Poaching in Kenyan national parks reduces

[Photo: Paul Mannix]
[Photo: Paul Mannix]
Poaching of wildlife in Kenya has reduced by 50 percent in the past three years, Kenya’s Cabinet Secretary for Environment and Natural Resources Prof. Judy Wakhungu has revealed.

Prof. Wakhungu said that the decline is as a result of the adoption of the use of open source land mapping tools that enable better use of freely available satellite information for natural habitat conservation assessment.

“Kenya Wildlife Services are now capable of getting a snapshot of satellite images of the protected areas on a single page,” Professor Wakhungu says while opening the first international forum on Monitoring for Environment and Security in Africa (MESA) that is being attended by delegates from 48 countries.

She says that Kenya has faced an increase in poaching and deforestation but the collaboration with the development partners, MESA and Intergovernmental Agency for Development IGAD), has helped reduced poaching activity in the country.

“Before the use of the digital technology, government officials and security agencies had to travel physically to protected areas hence taking several days and incurring huge costs,” she notes.

She observes that the funds saved from conducting manual surveillance are now channeled by Government to further research and innovation towards safeguarding our environment.

Prof. Wakhungu noted that MESA products and services are capable of helping curb widespread illegal, unregulated and unreported activities adding that the dedication of scientists to using earth observation data through the MESA project has not only supported policy but allowed governments through various arms to make decisions that impact on the lives of the citizens.

The Secretary General of the Indian Ocean Commission (IOC) Jean-Claude de I Estrac challenges African countries to train more personnel to be able to man the technical equipments that are being installed in the continent to help in observing the earth.

He says that regional organizations in Africa are emerging as centers of excellence and therefore requires trained personnel.

“The governments must retain staffs by ensuring that they are well paid to avoid the exodus to other continents adding that many facilities in the continent are underutilized due to lack of technical staff,” he notes.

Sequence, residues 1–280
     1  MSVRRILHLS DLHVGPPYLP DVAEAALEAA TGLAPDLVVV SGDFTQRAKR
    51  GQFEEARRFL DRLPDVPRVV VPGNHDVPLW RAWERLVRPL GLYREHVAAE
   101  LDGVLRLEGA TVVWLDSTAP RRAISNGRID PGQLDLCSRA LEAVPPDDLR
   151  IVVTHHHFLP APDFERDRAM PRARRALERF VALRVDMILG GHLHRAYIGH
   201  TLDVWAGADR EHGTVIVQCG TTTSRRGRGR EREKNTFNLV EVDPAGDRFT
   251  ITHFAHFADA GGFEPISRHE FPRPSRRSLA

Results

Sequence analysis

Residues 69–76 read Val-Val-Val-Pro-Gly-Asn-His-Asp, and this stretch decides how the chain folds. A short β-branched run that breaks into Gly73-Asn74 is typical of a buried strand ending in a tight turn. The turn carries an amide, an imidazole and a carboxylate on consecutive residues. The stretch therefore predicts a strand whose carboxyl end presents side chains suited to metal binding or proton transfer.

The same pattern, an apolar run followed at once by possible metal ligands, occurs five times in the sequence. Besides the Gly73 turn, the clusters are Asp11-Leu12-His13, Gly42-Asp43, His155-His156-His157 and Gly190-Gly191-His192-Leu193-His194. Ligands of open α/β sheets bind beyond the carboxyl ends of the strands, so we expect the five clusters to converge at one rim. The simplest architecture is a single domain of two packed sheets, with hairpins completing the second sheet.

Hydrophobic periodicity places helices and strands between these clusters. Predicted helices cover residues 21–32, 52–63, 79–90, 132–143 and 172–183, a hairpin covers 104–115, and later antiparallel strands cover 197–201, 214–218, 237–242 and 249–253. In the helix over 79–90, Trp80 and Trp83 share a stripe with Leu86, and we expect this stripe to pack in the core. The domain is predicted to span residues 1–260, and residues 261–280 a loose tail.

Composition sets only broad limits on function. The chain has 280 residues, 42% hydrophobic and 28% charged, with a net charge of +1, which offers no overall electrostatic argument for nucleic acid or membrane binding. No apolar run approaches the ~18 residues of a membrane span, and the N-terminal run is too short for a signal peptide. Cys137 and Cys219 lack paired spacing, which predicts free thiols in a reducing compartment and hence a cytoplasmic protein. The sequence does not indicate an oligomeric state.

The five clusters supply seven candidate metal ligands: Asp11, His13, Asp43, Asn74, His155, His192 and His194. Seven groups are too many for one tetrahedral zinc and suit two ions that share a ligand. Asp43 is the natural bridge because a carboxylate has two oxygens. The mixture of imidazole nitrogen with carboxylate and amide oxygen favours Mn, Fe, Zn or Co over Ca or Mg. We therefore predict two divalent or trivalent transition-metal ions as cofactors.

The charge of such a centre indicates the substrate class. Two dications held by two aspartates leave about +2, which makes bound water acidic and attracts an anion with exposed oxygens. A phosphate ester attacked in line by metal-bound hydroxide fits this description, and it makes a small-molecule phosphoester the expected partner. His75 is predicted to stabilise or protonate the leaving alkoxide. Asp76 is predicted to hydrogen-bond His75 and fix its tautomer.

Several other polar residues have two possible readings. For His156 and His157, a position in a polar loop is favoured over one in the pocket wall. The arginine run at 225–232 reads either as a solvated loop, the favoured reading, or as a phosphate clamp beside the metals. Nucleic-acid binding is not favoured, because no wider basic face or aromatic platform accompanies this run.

He calls on governments to integrate MESA policies into their national governments policies to help in informing.

“Africa is vulnerable to climate change and requires African own policies and strategies to help uplift the economies to cater for the growing population,” the head of cooperation at the European Union delegation to the African Union Anna Burylo says.

She says that there is need to provide relevant information to public and private organizations in fishing, agriculture and also wildlife conservation.

Burylo reveals that the EU is funding MESA program at a cost of 37 million Euros because the program is vital for Africa’s strategy on weather, climate change and disaster risk management.

She says that the program is helping protect populations and the environment against natural threats like flooding, drought and fire as well as manmade hazards like depletion of fish stock and land degradation.

MESA project is to support African decision-makers and planers in designing and implementing national, regional and continental policies and development plans towards sustainable development, thereby advancing the socio-economic progress and well-being of African populations.

It is intended to provide information in user friendly form to improve usage by decision makers in Africa for better management of the environment, attainment of food security at all levels.

It is emphasizing mainly on agriculture, environment, climate change, fisheries and food security in bringing about long term social and economic impact in the continent.

The Project is implemented by the African Regions through their specialized technical institutions including the Botswana Department of Meteorological Services and SADC Climate Services Centre for the Southern Africa Development Community (SADC), the Inter- Governmental Authority on Development   (IGAD) and the International Commission.

 

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